The Possibilities Are Endless (12)

Directed by James Hall and Richard Lovelace
Picturehouse, Liverpool
From 7th November 2014

Reviewed by Colin Serjent

This is a personal and at times poetic tribute to the resilience of the human spirit in face of adversity.

At the height of his fame Edwyn Collins, singer of Scottish pop band Orange Juice, suffered a double stroke, which left him able to utter only four words, "Yes" "No" "Grace Maxwell" (the name of his wife) and "The possibilities are endless".

He used the last phrase ad infinitum, to the point where Grace felt it was less than profound after hearing it so often.

The opening segments of the film are dream-like, including majestic nature photography and shots of being submerged in water, perhaps resembling the feeling of helplessness and being all asunder after being struck down by a stroke.

It also includes location shots of the small town, Helmsdale, on the east coast of Scotland, he lived in as a child. He still resides there as well living in London.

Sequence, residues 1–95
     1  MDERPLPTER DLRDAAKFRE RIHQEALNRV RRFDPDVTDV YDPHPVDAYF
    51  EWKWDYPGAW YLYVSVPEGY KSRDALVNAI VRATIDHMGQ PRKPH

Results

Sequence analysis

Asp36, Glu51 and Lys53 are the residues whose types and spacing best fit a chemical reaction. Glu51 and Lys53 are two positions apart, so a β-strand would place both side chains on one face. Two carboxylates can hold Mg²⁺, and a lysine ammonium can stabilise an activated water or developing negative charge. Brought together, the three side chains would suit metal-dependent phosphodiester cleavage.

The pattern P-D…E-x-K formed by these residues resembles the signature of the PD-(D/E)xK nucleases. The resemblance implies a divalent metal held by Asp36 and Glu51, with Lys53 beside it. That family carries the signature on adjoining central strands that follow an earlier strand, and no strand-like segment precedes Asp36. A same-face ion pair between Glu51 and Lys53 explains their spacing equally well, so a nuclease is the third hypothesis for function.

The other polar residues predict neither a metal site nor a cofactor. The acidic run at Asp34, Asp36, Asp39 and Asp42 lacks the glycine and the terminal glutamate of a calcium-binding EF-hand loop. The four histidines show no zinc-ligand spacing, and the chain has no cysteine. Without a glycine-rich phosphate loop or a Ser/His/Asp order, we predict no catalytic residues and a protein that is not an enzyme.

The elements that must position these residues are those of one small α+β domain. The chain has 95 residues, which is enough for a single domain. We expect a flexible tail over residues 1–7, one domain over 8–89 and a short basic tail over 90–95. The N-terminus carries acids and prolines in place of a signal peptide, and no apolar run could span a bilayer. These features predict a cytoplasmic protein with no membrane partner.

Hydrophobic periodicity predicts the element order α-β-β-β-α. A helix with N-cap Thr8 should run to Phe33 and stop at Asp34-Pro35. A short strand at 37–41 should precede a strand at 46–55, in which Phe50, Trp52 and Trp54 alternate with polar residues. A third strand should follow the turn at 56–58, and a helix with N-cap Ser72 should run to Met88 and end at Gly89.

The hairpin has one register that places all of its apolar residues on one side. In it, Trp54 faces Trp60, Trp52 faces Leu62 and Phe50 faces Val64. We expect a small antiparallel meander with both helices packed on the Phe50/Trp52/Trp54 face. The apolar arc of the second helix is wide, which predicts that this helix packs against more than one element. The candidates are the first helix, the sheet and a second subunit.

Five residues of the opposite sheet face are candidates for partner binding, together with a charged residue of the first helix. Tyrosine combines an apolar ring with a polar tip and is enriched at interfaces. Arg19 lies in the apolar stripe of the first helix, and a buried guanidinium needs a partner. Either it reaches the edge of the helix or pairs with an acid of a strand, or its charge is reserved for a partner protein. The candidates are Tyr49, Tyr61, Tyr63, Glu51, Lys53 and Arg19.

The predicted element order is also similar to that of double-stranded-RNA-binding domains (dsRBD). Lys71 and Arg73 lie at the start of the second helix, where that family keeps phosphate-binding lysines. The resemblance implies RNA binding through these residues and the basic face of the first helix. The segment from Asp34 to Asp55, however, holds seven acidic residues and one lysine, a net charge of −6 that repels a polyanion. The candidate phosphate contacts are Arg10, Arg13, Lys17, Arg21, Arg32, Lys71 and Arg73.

Collins slowly regained his ability to speak, to a certain extent, for example, by singing his old songs and meeting up with musicians he used to know.

Grace is viewed in the film - sometimes you feel she and Edwyn are performing together in front of the camera - as a muse, a rock. But he does not seem to fully appreciate her utter dedication in looking after him. He questions Grace - who is there with him 24/7 - as to what she has got to complain about, when she is peeved about something or other.

Grace is openly honest about what she misses since he had his life-changing illness, "Having sex with him."

I got a bit confused at times as to the point of actors playing Collins and Grace as youngsters. These segments of the film came across as a tad contrived.

The Possibilities Are Endless illustrates starkly how transitory life can be, and a reminder that we should, if possible, try to live life to the full every day.

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